The majority of racial gaps in booking rates can be explained by observable differences between youth being arrested, but there is still a significant portion (about a quarter) of the racial gap that is unexplained. This unexplained gap could be either the result of racial bias by police officers, or differences between youth that we cannot measure but would lead officers to treat them differently. To understand whether the cause of this unobserved gap is due to bias, we examine the impact of officer discretion on racial gaps in bookings. Racial disparities in booking rates are highest for offense categories where police officers have significant discretion in how to handle the arrest, like non-violent felonies. In addition, in comparing booking rates for juveniles and adults, white youth have the largest increase in bookings after age 18, narrowing the racial gap for those over 18. Again, the biggest changes are in offense categories with high levels of discretion, like property and drug felonies. These two observations indicate that, when police officers have more discretion in how to handle arrests, racial disparities are more likely to arise. This is strong evidence that racial gaps in booking rates can be explained by differential treatment by police officers of youth of different races.

 
 
 

Policy implications

Given the clear and significant racial gaps in juvenile bookings, it is important to consider how the treatment of a juvenile arrest may permanently impact life prospects of the youth. Criminal records are becoming an increasingly important factor in later in life outcomes. Police officers use criminal history in decision making during law enforcement interactions. Risk assessment for criminal justice decision-making in matters like pre-trial release and bail setting also relies on factors like prior arrests. Even employers are increasingly using a criminal record in employment decision-making. By disproportionately giving youth of color a criminal record, police handling of juvenile arrests is magnifying the racial gaps observed later in life. For youth born between 1990 and 1993, 34% of Black youth had at least one booked juvenile arrest, 13% of Hispanic youth, and 8% of white youth. If Black youth were booked at the same rates as white youth, the proportion with a juvenile arrest history would drop to 24%, eliminating half the gap between Black and white youth.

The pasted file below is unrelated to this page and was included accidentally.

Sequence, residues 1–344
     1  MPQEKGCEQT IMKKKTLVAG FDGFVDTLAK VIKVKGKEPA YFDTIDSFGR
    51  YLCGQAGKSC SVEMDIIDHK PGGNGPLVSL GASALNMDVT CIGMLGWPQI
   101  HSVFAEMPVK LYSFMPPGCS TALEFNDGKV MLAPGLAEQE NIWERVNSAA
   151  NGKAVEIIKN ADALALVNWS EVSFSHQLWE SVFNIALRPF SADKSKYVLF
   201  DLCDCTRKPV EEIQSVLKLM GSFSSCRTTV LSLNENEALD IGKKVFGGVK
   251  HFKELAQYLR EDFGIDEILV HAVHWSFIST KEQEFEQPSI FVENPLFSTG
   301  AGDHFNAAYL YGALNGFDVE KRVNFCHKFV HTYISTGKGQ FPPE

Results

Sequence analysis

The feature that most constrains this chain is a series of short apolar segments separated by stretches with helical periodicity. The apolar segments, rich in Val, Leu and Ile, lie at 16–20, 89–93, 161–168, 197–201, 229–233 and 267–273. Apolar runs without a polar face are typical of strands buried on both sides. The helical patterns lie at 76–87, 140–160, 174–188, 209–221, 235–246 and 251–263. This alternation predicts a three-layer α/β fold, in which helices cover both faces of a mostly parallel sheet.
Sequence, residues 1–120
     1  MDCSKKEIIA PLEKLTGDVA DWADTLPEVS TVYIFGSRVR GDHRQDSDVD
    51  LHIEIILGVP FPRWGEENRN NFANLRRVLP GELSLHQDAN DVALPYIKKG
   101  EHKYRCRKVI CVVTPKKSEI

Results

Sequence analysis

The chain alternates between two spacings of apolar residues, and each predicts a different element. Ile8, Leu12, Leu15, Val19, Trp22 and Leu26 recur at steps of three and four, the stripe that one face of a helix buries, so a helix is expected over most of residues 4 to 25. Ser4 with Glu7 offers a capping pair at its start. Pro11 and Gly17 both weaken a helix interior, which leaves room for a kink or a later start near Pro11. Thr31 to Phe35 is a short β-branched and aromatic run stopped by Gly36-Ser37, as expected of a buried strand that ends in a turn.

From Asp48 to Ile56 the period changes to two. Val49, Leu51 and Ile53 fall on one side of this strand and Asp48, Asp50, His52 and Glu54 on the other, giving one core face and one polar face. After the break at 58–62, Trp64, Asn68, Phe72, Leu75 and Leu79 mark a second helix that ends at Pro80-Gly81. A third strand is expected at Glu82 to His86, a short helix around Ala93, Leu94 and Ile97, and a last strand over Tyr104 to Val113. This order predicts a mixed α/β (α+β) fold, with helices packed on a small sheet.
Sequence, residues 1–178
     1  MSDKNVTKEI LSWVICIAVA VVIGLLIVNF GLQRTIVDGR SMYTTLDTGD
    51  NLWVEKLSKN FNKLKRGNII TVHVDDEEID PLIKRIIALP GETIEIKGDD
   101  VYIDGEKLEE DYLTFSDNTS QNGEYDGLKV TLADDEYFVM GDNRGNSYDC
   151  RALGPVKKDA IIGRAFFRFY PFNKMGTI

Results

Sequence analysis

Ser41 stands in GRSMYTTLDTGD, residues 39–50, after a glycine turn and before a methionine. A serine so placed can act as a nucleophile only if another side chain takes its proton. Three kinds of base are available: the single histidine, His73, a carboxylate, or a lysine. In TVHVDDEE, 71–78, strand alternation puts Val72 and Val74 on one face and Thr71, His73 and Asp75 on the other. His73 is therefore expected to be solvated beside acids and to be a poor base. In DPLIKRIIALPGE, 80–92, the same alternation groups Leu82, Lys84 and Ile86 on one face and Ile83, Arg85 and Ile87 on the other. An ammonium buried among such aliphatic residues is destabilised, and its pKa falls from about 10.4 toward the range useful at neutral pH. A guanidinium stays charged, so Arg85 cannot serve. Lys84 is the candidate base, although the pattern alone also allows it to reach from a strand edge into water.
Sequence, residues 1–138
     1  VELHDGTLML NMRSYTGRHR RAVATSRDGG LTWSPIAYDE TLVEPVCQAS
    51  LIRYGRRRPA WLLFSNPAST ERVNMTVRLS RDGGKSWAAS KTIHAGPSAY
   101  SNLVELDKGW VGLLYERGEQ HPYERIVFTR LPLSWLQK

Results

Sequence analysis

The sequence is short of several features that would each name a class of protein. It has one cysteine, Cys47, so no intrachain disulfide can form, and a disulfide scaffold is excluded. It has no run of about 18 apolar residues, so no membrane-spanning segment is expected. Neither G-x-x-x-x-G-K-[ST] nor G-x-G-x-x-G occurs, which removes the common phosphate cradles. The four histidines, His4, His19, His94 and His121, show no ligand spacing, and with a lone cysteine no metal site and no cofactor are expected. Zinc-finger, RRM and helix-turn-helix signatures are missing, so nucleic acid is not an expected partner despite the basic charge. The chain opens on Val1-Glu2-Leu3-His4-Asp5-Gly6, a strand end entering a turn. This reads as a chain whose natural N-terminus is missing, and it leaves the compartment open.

By disproportionately giving youth of color a criminal record, police handling of juvenile arrests is magnifying the racial gaps observed later in life. For youth born between 1990 and 1993, 34% of Black youth had at least one booked juvenile arrest, 13% of Hispanic youth, and 8% of white youth. If Black youth were booked at the same rates as white youth, the proportion with a juvenile arrest history would drop to 24%, eliminating half the gap between Black and white youth.